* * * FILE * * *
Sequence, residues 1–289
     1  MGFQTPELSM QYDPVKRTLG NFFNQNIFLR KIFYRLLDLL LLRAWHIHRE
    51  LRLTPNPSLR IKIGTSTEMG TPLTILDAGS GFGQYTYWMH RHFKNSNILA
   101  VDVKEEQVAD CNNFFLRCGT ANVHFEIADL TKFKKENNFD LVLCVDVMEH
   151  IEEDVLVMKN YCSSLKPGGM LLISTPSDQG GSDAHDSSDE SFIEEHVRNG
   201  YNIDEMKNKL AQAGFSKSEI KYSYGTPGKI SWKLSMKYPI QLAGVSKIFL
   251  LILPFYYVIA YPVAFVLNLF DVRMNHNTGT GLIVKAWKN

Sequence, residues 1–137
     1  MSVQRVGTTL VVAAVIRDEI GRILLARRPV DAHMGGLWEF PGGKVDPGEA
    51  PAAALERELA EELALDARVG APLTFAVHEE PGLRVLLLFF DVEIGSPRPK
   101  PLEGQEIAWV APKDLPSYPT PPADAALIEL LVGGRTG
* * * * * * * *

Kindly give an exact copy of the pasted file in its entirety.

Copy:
Sequence, residues 1–289
     1  MGFQTPELSM QYDPVKRTLG NFFNQNIFLR KIFYRLLDLL LLRAWHIHRE
    51  LRLTPNPSLR IKIGTSTEMG TPLTILDAGS GFGQYTYWMH RHFKNSNILA
   101  VDVKEEQVAD CNNFFLRCGT ANVHFEIADL TKFKKENNFD LVLCVDVMEH
   151  IEEDVLVMKN YCSSLKPGGM LLISTPSDQG GSDAHDSSDE SFIEEHVRNG
   201  YNIDEMKNKL AQAGFSKSEI KYSYGTPGKI SWKLSMKYPI QLAGVSKIFL
   251  LILPFYYVIA YPVAFVLNLF DVRMNHNTGT GLIVKAWKN

Sequence, residues 1–137
     1  MSVQRVGTTL VVAAVIRDEI GRILLARRPV DAHMGGLWEF PGGKVDPGEA
    51  PAAALERELA EELALDARVG APLTFAVHEE PGLRVLLLFF DVEIGSPRPK
   101  PLEGQEIAWV APKDLPSYPT PPADAALIEL LVGGRTG